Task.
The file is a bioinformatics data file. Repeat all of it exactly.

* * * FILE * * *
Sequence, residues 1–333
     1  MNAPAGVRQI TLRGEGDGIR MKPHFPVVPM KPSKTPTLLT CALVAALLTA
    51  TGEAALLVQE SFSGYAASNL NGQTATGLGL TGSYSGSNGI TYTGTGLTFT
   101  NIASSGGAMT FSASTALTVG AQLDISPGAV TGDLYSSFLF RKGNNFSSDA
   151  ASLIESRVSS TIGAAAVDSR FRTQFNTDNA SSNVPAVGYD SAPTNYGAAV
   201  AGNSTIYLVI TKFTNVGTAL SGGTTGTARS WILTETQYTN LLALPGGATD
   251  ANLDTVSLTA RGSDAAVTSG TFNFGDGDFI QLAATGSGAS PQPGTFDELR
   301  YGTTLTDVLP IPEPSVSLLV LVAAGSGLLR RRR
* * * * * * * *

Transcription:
Sequence, residues 1–333
     1  MNAPAGVRQI TLRGEGDGIR MKPHFPVVPM KPSKTPTLLT CALVAALLTA
    51  TGEAALLVQE SFSGYAASNL NGQTATGLGL TGSYSGSNGI TYTGTGLTFT
   101  NIASSGGAMT FSASTALTVG AQLDISPGAV TGDLYSSFLF RKGNNFSSDA
   151  ASLIESRVSS TIGAAAVDSR FRTQFNTDNA SSNVPAVGYD SAPTNYGAAV
   201  AGNSTIYLVI TKFTNVGTAL SGGTTGTARS WILTETQYTN LLALPGGATD
   251  ANLDTVSLTA RGSDAAVTSG TFNFGDGDFI QLAATGSGAS PQPGTFDELR
   301  YGTTLTDVLP IPEPSVSLLV LVAAGSGLLR RRR